This is a very unwise thing to do. The best thing is to heed these warnings and familiarize yourself with the warning signs of the typhoons approach. Take steps to protect yourself and your family. If you live in an area that is prone to storms, it is best to always have a get-away bag always ready. The bag should contain the following items:
Torchlight with spare batteries
Non-perishable food
First-aid kit
Change of clothes
Reasonable amount of money
Most valuable documents.
Bear in mind that this is not a bag for unnecessary items. The key is to keep the bag as light as possible while having all essential items. Once a warning is given, make sure the car always has gas in it in case of an emergency exit.
Pay attention to news bulletins and always have a battery powered radio handy in case of power outage.
Do not hesitate to evacuate a danger prone area if warned.
Have sufficient supply of clean water to sustain your entire family.
Keep emergency equipment handy and in good condition
Even if your home is well built, it is unwise to be too confident. Typhoons can hit at a speed of two hundred mile per hour rendering even solid houses unsafe especially if they are located along the coast or in an open place. Apart from the threat of having the house cave in from the force of the wind, other factors need to be considered when deciding if a house is safe, for example, are there heavy trees or branches that could fall on the house? Are there holes in the roof? Is the house under an electric tension wire?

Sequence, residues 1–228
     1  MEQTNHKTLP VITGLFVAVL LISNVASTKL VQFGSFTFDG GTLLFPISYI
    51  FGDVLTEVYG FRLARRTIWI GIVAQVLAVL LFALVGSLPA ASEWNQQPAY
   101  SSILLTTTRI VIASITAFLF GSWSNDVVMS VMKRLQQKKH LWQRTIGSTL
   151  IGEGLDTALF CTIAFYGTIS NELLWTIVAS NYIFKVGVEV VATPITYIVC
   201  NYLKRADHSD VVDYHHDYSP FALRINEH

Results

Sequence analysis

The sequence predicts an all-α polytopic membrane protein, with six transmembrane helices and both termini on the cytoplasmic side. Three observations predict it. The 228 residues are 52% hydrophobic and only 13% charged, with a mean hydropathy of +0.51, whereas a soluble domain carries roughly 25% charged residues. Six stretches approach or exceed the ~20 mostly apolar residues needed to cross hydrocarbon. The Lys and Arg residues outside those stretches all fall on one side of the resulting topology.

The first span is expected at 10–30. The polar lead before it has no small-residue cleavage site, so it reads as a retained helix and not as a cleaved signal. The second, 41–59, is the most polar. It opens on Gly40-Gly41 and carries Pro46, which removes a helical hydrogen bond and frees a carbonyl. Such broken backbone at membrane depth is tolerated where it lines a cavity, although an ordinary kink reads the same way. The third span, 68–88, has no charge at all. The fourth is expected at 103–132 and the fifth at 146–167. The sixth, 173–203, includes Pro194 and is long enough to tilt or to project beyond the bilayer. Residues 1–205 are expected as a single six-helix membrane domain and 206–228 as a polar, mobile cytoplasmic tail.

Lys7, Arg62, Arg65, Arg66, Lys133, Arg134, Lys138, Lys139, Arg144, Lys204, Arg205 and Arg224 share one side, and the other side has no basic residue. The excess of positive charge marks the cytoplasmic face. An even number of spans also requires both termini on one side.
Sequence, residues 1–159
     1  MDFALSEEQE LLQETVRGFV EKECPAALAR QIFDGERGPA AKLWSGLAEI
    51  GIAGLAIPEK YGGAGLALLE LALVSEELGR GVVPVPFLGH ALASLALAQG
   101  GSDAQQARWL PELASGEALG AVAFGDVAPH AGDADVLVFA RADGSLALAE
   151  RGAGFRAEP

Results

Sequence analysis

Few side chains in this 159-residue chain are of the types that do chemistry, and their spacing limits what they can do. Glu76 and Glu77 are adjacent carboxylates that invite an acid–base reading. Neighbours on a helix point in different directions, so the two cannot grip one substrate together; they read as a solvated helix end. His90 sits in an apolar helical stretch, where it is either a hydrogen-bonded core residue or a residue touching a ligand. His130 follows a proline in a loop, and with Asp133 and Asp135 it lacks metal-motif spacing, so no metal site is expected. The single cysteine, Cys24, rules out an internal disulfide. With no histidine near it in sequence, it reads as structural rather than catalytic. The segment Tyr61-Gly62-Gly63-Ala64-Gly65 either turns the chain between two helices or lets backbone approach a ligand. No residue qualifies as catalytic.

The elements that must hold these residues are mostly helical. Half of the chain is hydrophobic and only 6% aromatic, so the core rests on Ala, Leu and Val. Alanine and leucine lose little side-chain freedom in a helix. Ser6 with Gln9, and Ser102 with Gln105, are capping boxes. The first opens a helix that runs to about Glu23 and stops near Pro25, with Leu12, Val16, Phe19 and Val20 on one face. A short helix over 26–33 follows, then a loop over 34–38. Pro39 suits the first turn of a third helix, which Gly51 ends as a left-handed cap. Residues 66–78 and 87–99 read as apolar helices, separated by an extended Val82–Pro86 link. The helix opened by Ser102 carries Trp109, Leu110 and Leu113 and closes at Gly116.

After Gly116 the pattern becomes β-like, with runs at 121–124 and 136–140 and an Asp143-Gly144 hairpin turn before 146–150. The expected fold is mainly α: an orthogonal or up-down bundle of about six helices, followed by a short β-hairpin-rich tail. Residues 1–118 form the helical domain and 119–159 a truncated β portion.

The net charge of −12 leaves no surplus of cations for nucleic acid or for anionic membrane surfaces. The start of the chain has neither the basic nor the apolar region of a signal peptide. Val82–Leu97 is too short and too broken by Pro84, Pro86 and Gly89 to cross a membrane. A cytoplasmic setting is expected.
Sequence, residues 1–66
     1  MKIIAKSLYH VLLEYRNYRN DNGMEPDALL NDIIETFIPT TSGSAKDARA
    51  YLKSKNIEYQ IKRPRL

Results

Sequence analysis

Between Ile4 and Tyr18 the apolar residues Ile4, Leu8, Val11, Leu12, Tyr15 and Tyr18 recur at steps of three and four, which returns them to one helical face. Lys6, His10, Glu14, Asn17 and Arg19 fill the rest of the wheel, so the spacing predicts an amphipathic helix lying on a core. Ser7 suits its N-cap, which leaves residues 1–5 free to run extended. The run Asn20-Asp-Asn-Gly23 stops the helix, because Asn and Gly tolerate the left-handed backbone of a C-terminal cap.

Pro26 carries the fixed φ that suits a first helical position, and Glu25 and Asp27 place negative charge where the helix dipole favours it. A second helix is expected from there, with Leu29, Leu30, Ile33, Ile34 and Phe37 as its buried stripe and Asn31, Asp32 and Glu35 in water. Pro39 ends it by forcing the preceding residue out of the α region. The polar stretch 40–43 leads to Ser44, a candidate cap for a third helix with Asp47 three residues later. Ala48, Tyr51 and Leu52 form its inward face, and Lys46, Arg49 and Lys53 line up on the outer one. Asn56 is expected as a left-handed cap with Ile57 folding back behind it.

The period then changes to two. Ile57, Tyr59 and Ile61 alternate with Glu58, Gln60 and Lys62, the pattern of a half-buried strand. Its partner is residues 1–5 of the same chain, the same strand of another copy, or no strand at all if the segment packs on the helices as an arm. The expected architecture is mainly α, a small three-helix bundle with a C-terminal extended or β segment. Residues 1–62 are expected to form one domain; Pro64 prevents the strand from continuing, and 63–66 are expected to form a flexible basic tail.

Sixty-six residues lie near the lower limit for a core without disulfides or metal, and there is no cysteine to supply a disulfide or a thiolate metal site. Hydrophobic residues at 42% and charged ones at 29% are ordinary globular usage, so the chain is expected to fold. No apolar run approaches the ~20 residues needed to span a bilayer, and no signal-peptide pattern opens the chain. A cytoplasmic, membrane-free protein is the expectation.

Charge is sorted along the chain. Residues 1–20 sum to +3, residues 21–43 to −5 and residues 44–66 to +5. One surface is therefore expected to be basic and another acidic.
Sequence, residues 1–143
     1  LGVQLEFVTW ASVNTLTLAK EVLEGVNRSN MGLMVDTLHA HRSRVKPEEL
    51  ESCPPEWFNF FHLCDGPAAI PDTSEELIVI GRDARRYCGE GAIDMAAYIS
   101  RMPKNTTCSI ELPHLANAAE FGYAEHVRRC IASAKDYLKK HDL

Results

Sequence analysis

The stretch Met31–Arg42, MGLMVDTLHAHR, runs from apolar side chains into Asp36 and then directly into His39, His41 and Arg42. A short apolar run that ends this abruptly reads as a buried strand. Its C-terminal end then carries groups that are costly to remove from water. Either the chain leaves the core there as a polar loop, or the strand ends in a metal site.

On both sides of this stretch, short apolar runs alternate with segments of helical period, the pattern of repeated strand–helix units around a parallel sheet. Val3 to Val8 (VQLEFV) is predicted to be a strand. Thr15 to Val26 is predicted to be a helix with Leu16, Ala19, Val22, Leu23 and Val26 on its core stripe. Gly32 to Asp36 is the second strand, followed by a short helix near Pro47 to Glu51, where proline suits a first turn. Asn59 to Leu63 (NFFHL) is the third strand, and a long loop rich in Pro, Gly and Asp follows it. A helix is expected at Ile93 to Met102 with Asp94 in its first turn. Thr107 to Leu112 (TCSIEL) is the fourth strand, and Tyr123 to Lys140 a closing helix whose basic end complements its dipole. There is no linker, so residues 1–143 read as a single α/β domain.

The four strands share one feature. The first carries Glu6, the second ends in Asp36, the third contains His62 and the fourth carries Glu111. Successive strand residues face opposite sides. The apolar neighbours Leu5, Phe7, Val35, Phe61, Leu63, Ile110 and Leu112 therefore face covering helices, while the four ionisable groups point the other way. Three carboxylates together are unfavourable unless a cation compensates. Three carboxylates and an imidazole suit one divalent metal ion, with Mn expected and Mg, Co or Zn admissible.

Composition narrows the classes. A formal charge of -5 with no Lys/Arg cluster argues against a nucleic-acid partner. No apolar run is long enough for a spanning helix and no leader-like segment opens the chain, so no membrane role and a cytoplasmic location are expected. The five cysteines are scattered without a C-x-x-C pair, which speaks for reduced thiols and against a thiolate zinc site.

When a typhoon warning is posted, it might help to take extra measures to make your house safer. This includes staking poles and wires around the house to act as a wind breaker. This way, no matter which way the typhoon wind strikes, there is something to break it.
Typhoon Benefits
When a typhoon strikes, it is difficult to see beyond the destruction and loss of lives and property. But a known benefit of a typhoon is the desalination of gallons of salt water. Otherwise, this would have cost a lot of money and time but the typhoon does this as well as distributing gallons of water over the land.
It is possible that there are other benefits of the typhoon that are not mentioned in this article.
On a religious note, the bible provides hope for the victims of past typhoons. To those who have lost loved ones in death, the bible says that they will see their dead loved ones again. (John5:3, 4) also the bible talks about a time when humans will live in security from natural disasters like typhoons. (Ezekiel 34:27)

Always have an emergency bag packed

References from Awake! Published by Jehovah's Witnesses.

This article is accurate and true to the best of the author’s knowledge. Content is for informational or entertainment purposes only and does not substitute for personal counsel or professional advice in business, financial, legal, or technical matters.